More employers reporting increased productivity benefits from homeworking


The productivity benefits of homeworking appear to have increased during the pandemic, with employers now more likely to say that the shift to homeworking has boosted productivity (33%) than they were in June 2020 (28%). This is according to new research by the CIPD, based on a survey of 2,000 employers and in-depth interviews with seven organisations in different sectors.

The survey found employers are also less likely to say that increased homeworking has decreased productivity (23%) compared to last summer (28%), suggesting employers have had a significant net productivity benefit over the period. 38% of employers say productivity has stayed the same (unchanged from June 2020). Overall, more than two thirds (71%) of employers say that the increase in homeworking has either boosted or has made no difference to productivity. 

Perceptions of productivity differed between organisations that had offered line manager training in managing remote workers and those that hadn’t. Of those employers who offered such training, 43% said productivity had increased during homeworking, compared to only 29% that hadn’t offered training. 

The findings are part of a new CIPD report exploring how organisations can learn from ways of working during the Coronavirus pandemic to make hybrid working (a mixture of working at home and in the workplace) a success. Two-thirds (63%) of employers surveyed report that they plan to introduce or expand the use of hybrid working to some degree, highlighting the need for organisations to take a strategic approach to homeworking to harness its benefits and improve working lives post-pandemic.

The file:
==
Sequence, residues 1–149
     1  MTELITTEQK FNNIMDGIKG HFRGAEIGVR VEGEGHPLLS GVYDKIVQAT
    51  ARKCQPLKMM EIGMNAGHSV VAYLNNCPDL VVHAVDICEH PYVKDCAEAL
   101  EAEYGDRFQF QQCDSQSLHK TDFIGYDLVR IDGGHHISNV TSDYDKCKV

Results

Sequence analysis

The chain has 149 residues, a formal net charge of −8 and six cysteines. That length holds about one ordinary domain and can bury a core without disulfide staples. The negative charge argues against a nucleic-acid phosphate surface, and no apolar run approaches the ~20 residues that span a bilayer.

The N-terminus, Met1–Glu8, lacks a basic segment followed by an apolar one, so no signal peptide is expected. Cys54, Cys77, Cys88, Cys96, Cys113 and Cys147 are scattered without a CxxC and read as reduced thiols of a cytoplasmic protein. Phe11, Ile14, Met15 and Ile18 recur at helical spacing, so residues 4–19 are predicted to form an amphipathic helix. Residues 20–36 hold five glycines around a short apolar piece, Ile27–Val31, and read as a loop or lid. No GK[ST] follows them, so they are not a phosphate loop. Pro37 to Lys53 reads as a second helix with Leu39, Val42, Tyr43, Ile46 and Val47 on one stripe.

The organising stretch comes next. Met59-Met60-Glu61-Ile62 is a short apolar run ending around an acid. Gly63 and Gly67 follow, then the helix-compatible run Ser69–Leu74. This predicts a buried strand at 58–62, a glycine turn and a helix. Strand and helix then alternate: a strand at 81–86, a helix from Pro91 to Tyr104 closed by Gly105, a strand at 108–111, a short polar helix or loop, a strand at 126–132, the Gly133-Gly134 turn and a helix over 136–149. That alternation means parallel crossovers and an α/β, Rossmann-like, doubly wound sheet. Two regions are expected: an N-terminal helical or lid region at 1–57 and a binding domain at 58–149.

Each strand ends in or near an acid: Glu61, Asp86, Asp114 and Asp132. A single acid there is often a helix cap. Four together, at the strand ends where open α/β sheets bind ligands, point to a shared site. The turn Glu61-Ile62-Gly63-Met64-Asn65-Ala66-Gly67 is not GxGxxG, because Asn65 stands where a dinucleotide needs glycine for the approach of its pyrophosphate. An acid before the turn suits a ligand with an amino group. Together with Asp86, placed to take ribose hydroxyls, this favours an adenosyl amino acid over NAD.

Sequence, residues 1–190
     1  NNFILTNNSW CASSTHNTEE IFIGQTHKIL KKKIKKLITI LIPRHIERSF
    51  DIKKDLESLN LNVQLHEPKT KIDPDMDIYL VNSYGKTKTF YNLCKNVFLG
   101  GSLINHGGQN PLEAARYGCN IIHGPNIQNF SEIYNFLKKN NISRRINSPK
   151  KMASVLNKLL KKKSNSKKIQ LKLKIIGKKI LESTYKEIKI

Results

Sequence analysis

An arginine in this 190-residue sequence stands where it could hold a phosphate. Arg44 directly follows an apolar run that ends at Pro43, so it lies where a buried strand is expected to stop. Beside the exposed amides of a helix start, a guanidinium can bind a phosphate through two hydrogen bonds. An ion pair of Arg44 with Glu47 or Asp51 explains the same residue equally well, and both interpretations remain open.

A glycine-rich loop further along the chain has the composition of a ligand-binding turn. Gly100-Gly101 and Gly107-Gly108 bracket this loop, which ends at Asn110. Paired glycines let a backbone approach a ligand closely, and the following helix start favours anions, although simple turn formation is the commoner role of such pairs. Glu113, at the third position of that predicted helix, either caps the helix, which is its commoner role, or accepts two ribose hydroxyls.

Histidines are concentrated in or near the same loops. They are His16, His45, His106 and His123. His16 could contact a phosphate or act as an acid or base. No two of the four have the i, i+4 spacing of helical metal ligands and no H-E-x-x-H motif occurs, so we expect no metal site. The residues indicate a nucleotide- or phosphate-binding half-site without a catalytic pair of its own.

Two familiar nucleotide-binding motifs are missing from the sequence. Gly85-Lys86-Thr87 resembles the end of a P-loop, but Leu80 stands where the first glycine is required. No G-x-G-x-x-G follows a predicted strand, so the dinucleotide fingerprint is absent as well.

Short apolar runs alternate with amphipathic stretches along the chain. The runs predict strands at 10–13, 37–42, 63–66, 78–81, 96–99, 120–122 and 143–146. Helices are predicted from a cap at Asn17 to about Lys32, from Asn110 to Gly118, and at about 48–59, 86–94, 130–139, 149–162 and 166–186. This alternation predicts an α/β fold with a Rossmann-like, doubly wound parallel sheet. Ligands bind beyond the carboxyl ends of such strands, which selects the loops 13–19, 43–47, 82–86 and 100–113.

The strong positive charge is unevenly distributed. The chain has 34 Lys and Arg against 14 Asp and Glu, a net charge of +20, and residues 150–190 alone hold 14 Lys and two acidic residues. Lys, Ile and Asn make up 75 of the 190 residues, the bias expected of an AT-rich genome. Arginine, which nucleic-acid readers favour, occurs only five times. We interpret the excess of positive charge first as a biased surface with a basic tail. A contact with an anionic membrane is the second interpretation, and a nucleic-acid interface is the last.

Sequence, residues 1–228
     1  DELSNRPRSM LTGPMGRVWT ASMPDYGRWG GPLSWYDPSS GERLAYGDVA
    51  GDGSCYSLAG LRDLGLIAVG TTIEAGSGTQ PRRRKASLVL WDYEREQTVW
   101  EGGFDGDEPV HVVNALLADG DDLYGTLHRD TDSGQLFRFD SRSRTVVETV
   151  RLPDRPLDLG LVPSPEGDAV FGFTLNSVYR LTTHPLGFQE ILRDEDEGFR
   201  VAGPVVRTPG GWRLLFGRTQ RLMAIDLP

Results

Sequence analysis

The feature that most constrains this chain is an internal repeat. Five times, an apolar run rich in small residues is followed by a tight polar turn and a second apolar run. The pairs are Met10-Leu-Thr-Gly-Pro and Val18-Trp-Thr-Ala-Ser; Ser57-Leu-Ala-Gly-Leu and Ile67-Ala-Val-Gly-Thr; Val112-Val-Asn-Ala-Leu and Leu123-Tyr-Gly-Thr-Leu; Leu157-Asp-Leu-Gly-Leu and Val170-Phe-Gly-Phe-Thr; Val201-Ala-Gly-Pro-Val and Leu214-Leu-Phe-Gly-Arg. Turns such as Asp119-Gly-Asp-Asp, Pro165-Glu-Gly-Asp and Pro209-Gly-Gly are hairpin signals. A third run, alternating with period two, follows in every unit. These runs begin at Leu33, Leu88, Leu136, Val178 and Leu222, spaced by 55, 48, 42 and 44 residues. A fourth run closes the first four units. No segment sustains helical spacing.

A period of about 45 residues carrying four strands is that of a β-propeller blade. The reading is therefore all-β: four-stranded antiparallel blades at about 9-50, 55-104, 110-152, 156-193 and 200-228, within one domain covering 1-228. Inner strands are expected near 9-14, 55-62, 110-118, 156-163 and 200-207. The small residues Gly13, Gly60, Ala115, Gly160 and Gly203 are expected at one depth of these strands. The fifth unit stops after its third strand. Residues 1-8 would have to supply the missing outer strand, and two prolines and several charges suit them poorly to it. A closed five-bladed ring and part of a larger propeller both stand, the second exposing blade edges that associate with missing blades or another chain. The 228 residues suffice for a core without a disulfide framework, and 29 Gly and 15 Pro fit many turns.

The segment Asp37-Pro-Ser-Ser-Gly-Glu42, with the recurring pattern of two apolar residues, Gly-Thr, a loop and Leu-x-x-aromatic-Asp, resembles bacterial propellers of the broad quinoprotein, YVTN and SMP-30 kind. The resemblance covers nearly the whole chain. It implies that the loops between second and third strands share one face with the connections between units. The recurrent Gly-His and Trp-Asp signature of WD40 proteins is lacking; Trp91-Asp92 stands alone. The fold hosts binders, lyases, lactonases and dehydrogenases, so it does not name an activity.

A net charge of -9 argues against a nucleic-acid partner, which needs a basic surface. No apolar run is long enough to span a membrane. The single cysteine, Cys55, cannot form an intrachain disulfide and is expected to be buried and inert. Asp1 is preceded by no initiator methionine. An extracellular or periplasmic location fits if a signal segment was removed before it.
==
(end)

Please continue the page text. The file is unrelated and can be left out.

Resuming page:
Some employers are considering how to improve flexibility of hours, with almost half (48%) saying they plan to expand the use of flexi-time – altering workday start and finish times – to some degree. Fairness was cited as a key reason for this, according to 45% of employers, who said employees who can’t work from home should still be able to benefit from flexible working arrangements. 

The report sets out seven strategies to make hybrid working a success:




Develop the skills and culture needed for open conversations about wellbeing




Encourage boundary-setting and routines to improve wellbeing and prevent overwork




Ensure effective co-ordination of tasks and task-related communication




Pay special attention to creativity, brainstorming and problem-solving tasks




Pay special attention to creativity, brainstorming and problem-solving tasks



Promote networking and relationship building across the organisation


Organise support networks to compensate for the loss of informal/’on the job’ learning for those who are new to the organisation or role.

When making decisions about working from home, it’s important employers and employees communicate regularly and prepare a clear homeworking policy if one doesn’t already exist.


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